500 Questions

TV review by
Melissa Camacho, Common Sense Media
500 Questions TV Poster Image
Quiz show for geniuses trades cash for right answers.

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A lot or a little?

The parents' guide to what's in this TV show.

Positive Messages

Genius mainly defined by higher education, high exam scores. 

Positive Role Models & Representations

Contestants competitive but polite. 

Violence

Harmless competitive banter. 

Sex

Subtle innuendo that will go over kids' heads. 

Language
Consumerism
Drinking, Drugs & Smoking

Alcoholic drinks discussed. 

What parents need to know

Parents need to know that 500 Questions is a quiz show in which smart people answer difficult questions for money. There's some fun competitive banter and a few references to violence and drinking and, on rare occasions, some innuendo that will go over younger kids' heads. It’ll appeal to quiz show fans, but it's probably not entertaining enough to hold younger kids' attention. 

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What's the story?

500 QUESTIONS stars the smartest people in the country playing the toughest game ever devised. Hosted by journalist Richard Quest, the five-day-long quiz show requires a "certified" genius to answer 50 consecutive questions in areas that range from medicine and Asian history to '80s films and cocktails. They earn money for each correct answer and only get the cash if they get through the round. The catch? If a contestant answers incorrectly three times in a row, he or she is eliminated from the competition. Select "battle" questions force the contestant to face off directly with a challenger, who's hoping to knock the contestant out. There's no multiple choice and no one to "save" them, so each contestant must rely on his or her smarts to make it through.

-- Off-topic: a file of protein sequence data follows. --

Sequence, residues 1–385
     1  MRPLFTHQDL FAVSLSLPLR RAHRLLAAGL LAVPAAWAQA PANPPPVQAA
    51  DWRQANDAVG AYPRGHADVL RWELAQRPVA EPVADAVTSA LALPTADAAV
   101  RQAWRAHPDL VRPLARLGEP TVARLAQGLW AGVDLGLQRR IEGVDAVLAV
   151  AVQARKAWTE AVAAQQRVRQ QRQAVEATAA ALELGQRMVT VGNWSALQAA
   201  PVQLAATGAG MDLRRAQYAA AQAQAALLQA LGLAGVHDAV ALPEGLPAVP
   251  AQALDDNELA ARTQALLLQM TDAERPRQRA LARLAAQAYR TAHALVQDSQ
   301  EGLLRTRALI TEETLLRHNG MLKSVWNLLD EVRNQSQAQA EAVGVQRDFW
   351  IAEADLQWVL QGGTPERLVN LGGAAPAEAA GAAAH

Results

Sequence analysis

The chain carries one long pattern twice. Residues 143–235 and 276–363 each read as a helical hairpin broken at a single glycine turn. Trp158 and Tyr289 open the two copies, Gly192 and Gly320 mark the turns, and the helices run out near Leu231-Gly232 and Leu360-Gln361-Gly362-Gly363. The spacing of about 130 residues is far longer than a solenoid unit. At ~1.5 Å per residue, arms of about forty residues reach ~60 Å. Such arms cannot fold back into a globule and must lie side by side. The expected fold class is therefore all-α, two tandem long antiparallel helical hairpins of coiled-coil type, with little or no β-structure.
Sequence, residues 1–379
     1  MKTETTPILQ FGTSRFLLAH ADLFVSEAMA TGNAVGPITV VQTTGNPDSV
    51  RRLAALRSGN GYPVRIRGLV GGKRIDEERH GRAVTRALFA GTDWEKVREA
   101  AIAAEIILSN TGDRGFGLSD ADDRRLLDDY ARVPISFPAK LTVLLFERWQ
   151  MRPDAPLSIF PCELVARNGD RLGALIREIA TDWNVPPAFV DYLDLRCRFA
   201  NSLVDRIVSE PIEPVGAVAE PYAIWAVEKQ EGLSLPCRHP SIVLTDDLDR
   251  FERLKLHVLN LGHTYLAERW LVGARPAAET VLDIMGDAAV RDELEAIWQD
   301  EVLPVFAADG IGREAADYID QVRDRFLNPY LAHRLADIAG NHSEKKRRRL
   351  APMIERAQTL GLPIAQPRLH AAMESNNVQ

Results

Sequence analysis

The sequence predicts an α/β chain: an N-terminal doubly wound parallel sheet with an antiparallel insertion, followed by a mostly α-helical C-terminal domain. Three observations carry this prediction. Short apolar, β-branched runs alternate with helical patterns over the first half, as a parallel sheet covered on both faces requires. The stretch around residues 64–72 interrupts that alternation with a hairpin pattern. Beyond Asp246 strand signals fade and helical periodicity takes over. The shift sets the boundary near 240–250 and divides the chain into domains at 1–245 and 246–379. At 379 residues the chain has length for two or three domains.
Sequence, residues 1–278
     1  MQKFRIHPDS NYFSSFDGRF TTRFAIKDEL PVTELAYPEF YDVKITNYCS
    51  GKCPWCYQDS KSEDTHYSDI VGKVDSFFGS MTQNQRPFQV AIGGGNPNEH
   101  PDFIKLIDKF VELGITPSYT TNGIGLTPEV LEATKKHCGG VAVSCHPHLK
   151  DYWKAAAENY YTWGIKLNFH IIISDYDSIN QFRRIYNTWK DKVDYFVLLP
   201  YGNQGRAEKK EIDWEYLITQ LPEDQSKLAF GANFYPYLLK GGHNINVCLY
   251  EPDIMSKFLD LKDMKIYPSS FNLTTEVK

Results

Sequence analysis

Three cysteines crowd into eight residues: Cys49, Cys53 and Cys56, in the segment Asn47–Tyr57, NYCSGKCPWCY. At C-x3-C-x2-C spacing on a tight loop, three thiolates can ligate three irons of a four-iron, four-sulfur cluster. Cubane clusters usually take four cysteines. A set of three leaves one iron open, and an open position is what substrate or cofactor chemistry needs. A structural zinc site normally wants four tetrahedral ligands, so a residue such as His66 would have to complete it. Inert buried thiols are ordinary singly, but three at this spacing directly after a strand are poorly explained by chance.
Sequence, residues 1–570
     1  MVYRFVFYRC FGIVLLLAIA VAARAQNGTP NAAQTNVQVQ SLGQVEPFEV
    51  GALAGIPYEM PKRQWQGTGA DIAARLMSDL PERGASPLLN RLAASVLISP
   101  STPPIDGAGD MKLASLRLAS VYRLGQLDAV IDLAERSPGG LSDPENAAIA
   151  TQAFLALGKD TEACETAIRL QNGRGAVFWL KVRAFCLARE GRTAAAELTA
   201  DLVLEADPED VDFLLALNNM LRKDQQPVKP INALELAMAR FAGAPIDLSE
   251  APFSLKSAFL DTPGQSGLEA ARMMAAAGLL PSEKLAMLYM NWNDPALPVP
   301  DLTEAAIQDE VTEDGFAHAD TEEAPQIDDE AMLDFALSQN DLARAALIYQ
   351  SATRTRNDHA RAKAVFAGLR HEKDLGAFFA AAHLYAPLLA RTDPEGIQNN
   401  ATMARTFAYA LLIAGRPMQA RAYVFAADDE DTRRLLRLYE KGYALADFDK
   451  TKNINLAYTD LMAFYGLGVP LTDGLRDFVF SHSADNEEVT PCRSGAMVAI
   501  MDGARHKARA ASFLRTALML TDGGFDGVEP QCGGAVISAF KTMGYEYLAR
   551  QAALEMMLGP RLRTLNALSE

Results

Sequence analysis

Is it any good?

Starring contestants from attorneys to neuroscientists, the show has an entertainment factor that comes less from the money to be won and more from the pressure to answer each question well within the 10-second time limit to stay in the game. Random "battles," "triple threat" questions, and the host's suggestions about potential missed strategies all are designed to add to the hype. The series drags on a bit as contestants answer question after question. Meanwhile, though the show claims an intellectual approach, the questions are mainly focused on general knowledge and trivia rather than anything academic. But if you enjoy quiz shows, you'll find it worth watching.

Talk to your kids about ...

  • Families can talk about what makes someone a "genius." What’s the difference between being smart and being a genius? How is this measured? Is it knowing lots of answers to questions? Having a university degree? Getting high test scores? How do TV shows like this one affect the way we think about what makes someone smart? 

  • Families also can talk about answering questions under pressure. Do you think you'd be able to think on your feet on a game show like this? 

TV details

For kids who love game shows

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